2) We find leaflets, lots of those touristy leaflets and we each pick a thing.

3) We are each allocated a day to do the thing we’ve picked.

4) We whine about the others choices.

5) We argue over the remaining days.

Day one. The Husband chose the seaside, that was a car wreck and we left in under an hour. The weather was shite and then The Youngest needed a shite. Public toilets are a no and she was doubled up so we left. That’s my story and I’m sticking to it, the truth will go with me to the grave.

Day two. The Youngest chose the Queens Palace or Sandringham as it is more commonly known. The Eldest had a broken nut, an injury gained that morning during a game of hide and seek, a dangerous game if ever there were one and we should have known better. He tried but couldn’t walk far so I ended up sat in the car with him whilst the other two went for a wander. The Youngest had a go on one of those trampolines with the bouncy ropes attatched, she loved it. Well it looked as though she did in the recording The Husband took because he knew I’d be pissed I missed it.

“I was acshally terrified” she giggled.

Day three. I chose Davenport’s Magic Kingdom. This was slightly less of a car wreck but only just. We travelled for an hour and a half to a warehouse. We’d gone too far to turn back so in we went. It was ok. Some magical history which was nice. A dead cat and a cheery fellow who talked us through a re-creation of the Davenport’s shop that once stood in London. He did a little magic and was very very funny. Then back into the magical exhibition where we waited for the star attraction. The latest magical Davenport. His long dead relatives must turn, nay spin, in their graves. Only just watchable because The Youngest went onto the stage to have a glass of water popped on her head. She thought the whole thing was “amazing” so I consider this day a win. Just.

Day four. The Eldest picked today as his day for us to do the thing he chose to do. Today is the day we stay in. Yes, that is correct, we are staying in. We are staying in because he’s a funny little chap and his idea of fun is being locked inside our holiday cottage, the four of us, pottering.

Day five. I try to hide the bodies.







Tomorrow We’re Off To The Seaside

What can I say? A trip to the seaside looks so much better in my head than in reality. The funny thing is though, on the way there The Husband and I were discussing the pros and cons of taking our children abroad. Yeah, that’s never happening. We couldn’t manage two hours in Hunstanton.

I’d packed a picnic, I was excited, I love the seaside. The children wanted to stay in the holiday cottage because they are boring beyond belief. We didn’t care and took them out anyway. That was a bit of a boo boo.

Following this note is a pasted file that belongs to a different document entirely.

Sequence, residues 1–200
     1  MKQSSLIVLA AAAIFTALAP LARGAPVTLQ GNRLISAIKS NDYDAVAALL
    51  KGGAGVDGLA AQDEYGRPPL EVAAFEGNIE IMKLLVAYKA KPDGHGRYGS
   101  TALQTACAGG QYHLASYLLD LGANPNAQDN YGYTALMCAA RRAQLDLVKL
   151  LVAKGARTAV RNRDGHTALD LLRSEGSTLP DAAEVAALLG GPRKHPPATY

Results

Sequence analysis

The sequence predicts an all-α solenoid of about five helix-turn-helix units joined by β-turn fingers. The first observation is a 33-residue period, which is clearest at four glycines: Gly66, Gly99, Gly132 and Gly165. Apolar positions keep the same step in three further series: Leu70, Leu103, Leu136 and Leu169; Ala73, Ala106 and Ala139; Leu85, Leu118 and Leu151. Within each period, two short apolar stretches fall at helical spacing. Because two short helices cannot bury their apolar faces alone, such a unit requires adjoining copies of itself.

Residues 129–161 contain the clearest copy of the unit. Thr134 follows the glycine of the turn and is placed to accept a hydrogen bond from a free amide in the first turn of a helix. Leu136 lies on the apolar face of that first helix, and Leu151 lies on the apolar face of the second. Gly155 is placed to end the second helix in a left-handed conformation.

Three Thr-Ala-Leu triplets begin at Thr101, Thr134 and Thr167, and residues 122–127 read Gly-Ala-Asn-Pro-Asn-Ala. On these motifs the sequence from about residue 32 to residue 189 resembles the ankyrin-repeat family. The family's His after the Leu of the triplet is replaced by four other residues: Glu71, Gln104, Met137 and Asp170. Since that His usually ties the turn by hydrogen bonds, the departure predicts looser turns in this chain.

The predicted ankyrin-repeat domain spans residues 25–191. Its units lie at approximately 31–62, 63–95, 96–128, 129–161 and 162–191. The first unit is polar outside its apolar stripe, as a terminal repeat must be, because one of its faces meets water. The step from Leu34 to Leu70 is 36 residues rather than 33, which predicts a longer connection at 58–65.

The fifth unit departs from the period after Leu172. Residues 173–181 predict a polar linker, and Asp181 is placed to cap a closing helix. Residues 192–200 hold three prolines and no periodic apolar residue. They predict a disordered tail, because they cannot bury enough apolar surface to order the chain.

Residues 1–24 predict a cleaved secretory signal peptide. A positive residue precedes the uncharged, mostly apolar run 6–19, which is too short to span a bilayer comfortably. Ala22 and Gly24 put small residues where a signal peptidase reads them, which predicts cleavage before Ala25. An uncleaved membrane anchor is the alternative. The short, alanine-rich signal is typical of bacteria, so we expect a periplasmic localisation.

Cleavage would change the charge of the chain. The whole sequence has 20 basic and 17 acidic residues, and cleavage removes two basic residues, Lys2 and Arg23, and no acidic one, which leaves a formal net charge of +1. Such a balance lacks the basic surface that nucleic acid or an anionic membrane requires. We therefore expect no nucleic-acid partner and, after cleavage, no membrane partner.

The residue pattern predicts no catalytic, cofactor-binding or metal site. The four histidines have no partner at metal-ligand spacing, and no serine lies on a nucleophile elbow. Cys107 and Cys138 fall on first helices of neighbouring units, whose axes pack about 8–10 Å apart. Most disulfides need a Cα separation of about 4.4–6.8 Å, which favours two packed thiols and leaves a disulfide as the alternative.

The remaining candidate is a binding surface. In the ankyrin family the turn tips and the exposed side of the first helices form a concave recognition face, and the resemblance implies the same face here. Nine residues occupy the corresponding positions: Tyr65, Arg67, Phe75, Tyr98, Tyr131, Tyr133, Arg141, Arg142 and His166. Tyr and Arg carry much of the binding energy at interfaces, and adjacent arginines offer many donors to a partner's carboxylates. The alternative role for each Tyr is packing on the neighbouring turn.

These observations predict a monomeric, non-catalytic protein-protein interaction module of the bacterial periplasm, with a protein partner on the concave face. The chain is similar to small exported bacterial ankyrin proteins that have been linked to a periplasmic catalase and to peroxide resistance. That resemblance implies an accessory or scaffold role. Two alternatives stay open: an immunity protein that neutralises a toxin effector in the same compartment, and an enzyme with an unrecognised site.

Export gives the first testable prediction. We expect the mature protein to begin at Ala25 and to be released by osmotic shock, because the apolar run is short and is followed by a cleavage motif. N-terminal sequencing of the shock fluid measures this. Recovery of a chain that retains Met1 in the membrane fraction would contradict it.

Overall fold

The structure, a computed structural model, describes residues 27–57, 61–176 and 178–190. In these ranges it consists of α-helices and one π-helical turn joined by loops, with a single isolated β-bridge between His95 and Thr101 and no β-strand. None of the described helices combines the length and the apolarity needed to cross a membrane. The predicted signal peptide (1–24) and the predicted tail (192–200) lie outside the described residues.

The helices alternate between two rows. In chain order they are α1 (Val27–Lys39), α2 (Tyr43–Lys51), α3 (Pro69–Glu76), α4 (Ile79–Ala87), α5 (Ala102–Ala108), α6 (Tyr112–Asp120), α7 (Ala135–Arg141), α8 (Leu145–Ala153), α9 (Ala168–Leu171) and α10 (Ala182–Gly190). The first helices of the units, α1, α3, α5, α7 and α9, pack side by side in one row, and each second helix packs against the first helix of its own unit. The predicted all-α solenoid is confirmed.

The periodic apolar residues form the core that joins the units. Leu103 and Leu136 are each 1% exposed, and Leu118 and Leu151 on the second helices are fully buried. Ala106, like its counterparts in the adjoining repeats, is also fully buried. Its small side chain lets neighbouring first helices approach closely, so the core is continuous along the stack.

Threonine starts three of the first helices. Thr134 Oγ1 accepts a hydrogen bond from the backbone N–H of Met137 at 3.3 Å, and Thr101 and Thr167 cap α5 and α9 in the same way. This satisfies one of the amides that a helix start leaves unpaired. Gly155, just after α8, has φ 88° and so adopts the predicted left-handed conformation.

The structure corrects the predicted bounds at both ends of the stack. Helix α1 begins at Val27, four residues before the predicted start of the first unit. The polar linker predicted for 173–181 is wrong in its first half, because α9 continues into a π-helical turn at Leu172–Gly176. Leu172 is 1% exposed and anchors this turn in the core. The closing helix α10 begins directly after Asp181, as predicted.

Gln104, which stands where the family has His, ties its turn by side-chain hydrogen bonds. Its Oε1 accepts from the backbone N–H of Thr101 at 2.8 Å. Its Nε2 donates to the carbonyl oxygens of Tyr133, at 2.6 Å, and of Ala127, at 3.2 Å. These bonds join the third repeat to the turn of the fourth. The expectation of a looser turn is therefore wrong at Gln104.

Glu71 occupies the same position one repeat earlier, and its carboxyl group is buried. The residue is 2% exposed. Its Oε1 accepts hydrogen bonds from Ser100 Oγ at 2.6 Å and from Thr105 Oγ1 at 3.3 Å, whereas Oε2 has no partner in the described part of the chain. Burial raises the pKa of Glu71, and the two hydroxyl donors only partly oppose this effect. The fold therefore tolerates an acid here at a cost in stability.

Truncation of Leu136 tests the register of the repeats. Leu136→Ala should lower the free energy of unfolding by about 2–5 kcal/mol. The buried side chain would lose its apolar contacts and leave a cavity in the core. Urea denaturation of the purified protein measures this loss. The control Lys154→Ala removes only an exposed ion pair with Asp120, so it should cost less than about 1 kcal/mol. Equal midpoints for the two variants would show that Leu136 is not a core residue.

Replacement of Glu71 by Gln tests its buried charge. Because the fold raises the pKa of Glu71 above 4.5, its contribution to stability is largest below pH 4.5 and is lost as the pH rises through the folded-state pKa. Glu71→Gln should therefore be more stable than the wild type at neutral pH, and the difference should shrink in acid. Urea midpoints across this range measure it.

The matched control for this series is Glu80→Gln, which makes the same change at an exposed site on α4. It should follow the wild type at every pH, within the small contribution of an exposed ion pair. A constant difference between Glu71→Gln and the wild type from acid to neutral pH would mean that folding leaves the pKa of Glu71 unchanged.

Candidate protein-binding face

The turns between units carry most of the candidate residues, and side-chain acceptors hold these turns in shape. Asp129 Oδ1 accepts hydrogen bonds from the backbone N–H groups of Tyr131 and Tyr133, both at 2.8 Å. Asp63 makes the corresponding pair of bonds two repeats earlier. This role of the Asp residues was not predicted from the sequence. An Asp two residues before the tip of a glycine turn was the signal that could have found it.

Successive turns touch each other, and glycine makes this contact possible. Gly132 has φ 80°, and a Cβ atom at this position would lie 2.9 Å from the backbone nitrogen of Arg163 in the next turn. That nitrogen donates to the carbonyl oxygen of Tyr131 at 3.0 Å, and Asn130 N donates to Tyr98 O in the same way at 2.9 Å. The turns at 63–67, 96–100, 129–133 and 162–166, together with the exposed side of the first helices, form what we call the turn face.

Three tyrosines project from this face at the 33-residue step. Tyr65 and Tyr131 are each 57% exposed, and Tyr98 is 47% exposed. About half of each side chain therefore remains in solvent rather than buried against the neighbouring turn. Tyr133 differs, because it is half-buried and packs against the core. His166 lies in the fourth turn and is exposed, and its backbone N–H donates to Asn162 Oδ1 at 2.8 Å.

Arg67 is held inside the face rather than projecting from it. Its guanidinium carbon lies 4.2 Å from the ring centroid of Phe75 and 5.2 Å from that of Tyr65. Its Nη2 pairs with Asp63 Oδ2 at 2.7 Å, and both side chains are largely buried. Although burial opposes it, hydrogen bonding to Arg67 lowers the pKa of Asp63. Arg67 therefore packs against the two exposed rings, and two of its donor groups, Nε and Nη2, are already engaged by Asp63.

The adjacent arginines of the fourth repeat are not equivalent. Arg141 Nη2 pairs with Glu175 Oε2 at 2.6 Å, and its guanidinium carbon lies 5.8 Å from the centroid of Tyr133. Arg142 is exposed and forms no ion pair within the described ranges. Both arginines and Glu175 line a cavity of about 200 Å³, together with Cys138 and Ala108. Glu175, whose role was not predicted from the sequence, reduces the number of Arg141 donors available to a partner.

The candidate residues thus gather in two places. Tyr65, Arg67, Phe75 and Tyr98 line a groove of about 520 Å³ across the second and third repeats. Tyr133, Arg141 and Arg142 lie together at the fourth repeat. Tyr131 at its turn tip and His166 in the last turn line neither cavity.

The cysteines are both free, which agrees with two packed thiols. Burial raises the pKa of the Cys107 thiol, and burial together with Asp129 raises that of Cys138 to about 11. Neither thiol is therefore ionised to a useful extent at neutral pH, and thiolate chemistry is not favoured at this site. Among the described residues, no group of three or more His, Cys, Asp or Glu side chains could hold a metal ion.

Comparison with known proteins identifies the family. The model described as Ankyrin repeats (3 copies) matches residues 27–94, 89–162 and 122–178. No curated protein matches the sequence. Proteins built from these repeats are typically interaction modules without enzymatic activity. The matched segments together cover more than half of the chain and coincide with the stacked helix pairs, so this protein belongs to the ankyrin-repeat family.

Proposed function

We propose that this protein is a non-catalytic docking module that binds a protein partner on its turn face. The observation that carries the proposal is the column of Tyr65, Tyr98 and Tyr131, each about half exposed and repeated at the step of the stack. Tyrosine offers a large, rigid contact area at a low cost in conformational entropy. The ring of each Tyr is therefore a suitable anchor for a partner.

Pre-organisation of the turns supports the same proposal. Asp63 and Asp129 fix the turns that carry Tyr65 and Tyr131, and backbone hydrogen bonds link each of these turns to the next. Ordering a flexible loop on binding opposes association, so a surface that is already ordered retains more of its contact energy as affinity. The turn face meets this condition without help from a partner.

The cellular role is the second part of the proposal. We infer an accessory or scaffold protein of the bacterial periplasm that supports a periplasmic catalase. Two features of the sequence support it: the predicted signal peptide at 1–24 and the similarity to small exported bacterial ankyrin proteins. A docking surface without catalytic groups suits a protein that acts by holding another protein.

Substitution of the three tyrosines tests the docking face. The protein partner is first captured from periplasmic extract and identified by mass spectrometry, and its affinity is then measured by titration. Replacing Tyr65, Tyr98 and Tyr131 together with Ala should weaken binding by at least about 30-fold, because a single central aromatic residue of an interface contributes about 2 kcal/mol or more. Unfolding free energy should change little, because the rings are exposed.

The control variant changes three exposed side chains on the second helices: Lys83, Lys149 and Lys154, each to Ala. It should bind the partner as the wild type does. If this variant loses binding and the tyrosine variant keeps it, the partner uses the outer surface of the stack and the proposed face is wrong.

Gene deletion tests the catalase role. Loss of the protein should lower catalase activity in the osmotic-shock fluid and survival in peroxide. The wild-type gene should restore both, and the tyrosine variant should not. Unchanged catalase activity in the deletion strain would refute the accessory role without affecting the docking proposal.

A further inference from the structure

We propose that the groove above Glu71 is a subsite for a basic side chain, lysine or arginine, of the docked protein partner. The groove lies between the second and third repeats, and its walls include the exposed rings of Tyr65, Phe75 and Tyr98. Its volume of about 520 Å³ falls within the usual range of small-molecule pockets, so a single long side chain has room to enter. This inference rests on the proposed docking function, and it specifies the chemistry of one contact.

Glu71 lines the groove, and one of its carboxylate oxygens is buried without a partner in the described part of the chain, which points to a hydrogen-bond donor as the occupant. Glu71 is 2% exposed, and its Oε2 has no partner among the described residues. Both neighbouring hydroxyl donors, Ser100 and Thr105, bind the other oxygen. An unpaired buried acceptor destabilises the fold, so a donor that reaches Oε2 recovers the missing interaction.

It was freezing. When we left the weather was glorious, we were dressed for glorious. We pushed on. What I mean when I say this is we sat in the car and ate our picnic while counting how many layers passers by were wearing.

“I want ice cream. Can I have ice cream please?” said the hardiest of us.

Well why not? That’s what folk do at the seaside. I decided that if ice cream was the game then inside was the aim. We found a cafe.

Half way through my cappuccino and my single scoop of New York cheesecake ice cream . . . .

“I need a poo”

Now then, I’ve heard that many children will poo on a public toilet. I’ve never seen it, thankfully, but I have it on good authority that it has been done. That’s not the case here.

“My tummy hurts” she said clutching at her middle.

Clearly this was happening, they’re was no delaying it.

“Oooh” she’s doubled up at this point.

We break into a trot.

“Mum, can you spell poo? P and an oooo”

It never ceases to amaze what a good education can achieve, she looked so pleased with herself. I was pleased for her. Anyhoo, onwards and upwards.

We’d been at the seaside almost a full hour, not bad, not bad at all, that’ll do. We go back to our holiday cottage.

Our host is in her garden.

“Hello there, have you had a good day?”

I pondered on a polite answer. I wracked my weary brain for something, anything, positive to say about our trip out but I had nothing. I plumped for the truth.

“No. No, not really”

There, I said it, it was out there. I felt better for it. I then inhaled a whole packet of Jaffa Cakes. All was well in the world.

Tomorrow we’re off to the seaside.